What Medicare Covers

Podiatry services considered medically necessary are covered under Medicare Part B.

The most common medically necessary treatments provided by podiatrists that Medicare Part B covers include:

— Foot fracture care

— Grafting procedures for limb-threatening ulcers

— Ingrown toenail surgery

— Reconstructive surgery, such as bunion and hammertoe correction

— Toenail and callus care

— Wound care

However, Medicare does not typically cover routine foot care. This includes:

— Cutting or removing calluses and corns

— Hygienic maintenance, such as cleaning and soaking the feet

— Trimming, cutting or clipping nails

Exceptions are made if the patient has certain chronic conditions, such as diabetes, that require these services to prevent complications or worsening of symptoms.

Medicare Advantage plans must cover all services that Medicare Part B provides. On top of that, they sometimes offer additional benefits and that may include broader coverage for podiatry services. It is beneficial to check the specific details of your plan including whether you will need a referral to see this specialist.

What Will Podiatry Care Cost With Medicare?

To receive care under your Medicare benefits, a few requirements need to be met. These include:

Doctor’s referral. Under Medicare Part B, you generally do not need a referral to see a specialist. On the other hand, some Medicare Advantage plans do require a referral from your primary care doctor. Check with your specific plan to see what your requirements are.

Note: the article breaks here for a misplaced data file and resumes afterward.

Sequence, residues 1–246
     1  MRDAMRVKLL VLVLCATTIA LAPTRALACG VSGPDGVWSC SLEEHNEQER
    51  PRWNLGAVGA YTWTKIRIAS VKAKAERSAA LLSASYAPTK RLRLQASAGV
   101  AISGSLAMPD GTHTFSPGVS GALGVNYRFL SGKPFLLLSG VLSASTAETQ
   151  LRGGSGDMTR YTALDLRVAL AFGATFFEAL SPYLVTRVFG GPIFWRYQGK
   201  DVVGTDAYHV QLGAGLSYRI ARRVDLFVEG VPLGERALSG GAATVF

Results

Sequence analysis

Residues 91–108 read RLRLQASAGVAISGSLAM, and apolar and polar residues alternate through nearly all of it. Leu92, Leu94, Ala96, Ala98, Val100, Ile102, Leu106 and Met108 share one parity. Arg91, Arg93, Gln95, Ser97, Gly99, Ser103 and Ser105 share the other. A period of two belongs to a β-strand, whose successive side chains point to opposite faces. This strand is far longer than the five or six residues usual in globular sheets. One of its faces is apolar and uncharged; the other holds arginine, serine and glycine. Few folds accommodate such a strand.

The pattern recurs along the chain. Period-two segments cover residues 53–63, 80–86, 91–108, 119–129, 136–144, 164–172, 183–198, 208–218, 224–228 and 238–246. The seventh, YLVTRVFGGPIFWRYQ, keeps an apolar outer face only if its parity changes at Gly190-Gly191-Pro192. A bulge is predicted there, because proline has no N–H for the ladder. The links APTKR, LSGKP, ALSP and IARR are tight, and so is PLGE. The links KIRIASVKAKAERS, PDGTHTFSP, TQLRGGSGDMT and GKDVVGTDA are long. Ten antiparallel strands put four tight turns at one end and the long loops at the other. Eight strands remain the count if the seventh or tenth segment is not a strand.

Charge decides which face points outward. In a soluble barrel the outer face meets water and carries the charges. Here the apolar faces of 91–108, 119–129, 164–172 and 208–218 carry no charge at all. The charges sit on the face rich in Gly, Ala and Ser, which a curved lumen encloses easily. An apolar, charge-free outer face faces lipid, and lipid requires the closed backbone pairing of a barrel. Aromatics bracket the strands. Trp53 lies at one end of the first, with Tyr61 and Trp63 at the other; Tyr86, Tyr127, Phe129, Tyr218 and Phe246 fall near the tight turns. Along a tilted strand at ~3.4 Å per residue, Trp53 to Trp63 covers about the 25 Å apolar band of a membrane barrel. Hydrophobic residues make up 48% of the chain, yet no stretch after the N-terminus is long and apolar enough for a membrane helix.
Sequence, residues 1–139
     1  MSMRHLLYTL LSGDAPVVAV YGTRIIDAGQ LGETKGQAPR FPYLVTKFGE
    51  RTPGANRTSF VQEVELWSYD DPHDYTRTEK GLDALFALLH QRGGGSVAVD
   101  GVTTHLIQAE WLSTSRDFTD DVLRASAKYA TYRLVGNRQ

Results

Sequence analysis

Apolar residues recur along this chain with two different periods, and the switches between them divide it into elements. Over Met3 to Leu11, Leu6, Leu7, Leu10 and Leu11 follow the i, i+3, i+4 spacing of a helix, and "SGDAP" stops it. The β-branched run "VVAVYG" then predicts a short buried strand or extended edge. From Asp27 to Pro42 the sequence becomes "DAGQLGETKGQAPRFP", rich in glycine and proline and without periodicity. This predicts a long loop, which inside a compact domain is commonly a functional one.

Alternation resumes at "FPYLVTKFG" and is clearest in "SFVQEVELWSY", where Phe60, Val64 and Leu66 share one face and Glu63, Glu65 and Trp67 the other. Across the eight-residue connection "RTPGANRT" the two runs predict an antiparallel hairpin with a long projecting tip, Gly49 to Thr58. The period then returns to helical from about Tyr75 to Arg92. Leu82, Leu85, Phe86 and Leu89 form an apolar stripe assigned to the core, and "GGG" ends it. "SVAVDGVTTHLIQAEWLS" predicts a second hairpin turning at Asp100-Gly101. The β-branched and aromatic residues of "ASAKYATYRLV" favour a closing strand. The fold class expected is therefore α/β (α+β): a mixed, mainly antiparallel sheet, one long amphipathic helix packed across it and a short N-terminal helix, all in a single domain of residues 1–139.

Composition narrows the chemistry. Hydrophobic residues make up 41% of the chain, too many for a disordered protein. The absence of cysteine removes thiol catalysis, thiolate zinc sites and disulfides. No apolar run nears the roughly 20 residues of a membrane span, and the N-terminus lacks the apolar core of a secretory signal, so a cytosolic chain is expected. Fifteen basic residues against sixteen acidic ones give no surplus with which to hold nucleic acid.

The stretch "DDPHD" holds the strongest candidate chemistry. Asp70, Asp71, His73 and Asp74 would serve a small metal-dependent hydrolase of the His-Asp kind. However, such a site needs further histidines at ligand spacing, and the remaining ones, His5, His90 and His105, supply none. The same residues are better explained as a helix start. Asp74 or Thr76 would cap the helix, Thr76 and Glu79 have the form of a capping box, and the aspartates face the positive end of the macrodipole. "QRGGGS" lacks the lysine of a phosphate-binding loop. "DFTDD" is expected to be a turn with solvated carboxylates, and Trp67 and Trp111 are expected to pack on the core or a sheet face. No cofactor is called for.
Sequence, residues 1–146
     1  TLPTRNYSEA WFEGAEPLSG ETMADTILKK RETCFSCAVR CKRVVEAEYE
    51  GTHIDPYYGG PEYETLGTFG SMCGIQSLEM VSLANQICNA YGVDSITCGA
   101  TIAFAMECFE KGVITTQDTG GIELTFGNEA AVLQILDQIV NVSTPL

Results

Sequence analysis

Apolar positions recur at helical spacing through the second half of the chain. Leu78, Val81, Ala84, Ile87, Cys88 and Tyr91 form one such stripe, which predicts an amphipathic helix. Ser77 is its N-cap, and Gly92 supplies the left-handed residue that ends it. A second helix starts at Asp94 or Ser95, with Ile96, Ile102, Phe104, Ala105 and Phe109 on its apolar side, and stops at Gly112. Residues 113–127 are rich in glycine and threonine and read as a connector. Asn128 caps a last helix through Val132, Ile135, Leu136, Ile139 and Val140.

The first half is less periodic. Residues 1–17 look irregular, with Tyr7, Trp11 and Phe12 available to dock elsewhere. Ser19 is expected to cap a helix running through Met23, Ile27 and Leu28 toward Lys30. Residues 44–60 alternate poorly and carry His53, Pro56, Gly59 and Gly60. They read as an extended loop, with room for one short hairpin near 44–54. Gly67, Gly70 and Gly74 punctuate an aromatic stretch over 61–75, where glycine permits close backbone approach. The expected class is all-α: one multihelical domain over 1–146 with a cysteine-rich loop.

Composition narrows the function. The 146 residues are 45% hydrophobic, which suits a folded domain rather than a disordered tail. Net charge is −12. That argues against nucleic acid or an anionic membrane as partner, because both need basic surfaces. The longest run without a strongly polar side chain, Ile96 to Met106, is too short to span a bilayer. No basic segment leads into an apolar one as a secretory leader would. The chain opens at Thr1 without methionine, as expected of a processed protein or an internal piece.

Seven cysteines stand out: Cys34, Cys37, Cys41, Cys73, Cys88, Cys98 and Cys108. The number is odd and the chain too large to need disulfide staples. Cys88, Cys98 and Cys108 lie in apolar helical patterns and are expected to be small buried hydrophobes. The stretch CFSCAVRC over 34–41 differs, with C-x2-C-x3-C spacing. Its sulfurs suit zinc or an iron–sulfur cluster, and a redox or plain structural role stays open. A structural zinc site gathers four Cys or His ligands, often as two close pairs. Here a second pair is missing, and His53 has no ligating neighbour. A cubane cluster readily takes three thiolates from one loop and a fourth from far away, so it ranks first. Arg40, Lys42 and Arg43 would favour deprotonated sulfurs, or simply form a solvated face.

Medical necessity. Your podiatrist must document that any treatment is medically necessary for a diagnosed foot condition.

Medicare approved provider. In order to take advantage of your Medicare benefits, you need to make sure your podiatrist is either in-network for your Advantage plan or accepts assignment, which means the doctor takes Medicare Part B.

Your costs will depend on your plan and whether you’ve hit your deductible. After meeting your Part B deductible, beneficiaries typically pay 20% of the Medicare approved service amount. If you have a Medigap plan on top of Part B, your costs may go down or be completely covered. For Medicare Advantage plans, costs and coverage may vary, so check with your plan before seeing your doctor.

Bottom Line

Feet need more attention as we get older. Certain conditions, such as hammertoe or bunions, should be evaluated by a podiatrist sooner rather than later to prevent surgical intervention.

While Medicare Part B covers podiatry services that are deemed medically necessary, such as reconstructive surgery for bunions or hammertoe and arthritic or diabetic foot care, it does not cover routine foot care unless it helps prevent complications or worsening of symptoms.

More from U.S. News

Common Foot Problems in Older Adults: Causes and Treatment

Types of Doctors and Medical Specialists: Which One Should I See?

Questions to Ask Your Doctor About Diabetes

Does Medicare Cover Podiatry? originally appeared on